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Chapter 9 Code optimization Section 1 Basic Blocks and flow graphs 2.Basic blocks A sequence of consecutive statements in which flow of control enters at the beginning and leaves at the end without halt or possibility of branching except at the end.

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E.g. this is a basic block T1=a*a T2=a*b T3=2*T2 T4=T1+T3 T5=b*b T6=T4+T5 Notes: A name in a basic block is said to be live at a given point if its value is used after that point in the program, perhaps in another basic block.

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Chapter 9 Code optimization Section 1 Basic Blocks and flow graphs 3.Partition into basic blocks Input. A sequence of three-address statements Output. A list of basic blocks with each three-address statement in exactly one block. Method. 1) We first determine the set of leaders, the first statements of basic blocks.The rules we use are the following:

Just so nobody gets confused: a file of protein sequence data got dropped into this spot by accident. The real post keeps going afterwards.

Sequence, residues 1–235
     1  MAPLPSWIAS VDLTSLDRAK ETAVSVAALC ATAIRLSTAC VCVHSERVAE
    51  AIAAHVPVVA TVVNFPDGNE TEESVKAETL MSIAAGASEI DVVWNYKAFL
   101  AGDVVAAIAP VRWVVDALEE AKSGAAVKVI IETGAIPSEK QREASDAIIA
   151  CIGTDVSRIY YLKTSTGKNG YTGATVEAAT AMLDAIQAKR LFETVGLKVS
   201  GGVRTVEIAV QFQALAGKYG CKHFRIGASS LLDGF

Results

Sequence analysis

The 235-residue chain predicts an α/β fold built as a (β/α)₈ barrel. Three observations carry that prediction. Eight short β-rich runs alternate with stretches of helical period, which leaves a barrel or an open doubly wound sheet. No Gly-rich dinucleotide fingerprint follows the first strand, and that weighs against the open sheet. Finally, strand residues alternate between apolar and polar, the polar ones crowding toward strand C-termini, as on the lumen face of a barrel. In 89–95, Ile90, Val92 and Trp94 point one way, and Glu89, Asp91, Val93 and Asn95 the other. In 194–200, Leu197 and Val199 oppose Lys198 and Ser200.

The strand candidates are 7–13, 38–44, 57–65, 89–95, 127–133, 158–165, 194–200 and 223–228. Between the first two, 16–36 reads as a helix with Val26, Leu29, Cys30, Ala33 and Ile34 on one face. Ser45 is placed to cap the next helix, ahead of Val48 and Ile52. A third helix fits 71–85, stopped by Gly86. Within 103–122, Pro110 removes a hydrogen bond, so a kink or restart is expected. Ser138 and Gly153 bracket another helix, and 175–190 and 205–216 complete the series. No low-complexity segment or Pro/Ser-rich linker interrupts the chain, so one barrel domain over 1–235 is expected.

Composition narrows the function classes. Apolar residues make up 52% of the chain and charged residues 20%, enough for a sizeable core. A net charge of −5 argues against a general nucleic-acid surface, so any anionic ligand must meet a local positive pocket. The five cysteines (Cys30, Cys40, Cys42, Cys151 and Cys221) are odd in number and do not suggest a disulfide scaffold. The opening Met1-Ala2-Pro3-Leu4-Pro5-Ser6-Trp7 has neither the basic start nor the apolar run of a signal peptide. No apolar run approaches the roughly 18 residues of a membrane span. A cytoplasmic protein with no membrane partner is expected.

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Chapter 9 Code optimization Section 1 Basic Blocks and flow graphs 2.Partition into basic blocks 1)We first determine the set of leaders.The rules : (1) The first statement is a leader. (2) Any statement that is the target of a conditional or unconditional goto is a leader. (3) Any statement that immediately follows a goto or conditional goto statement is a leader.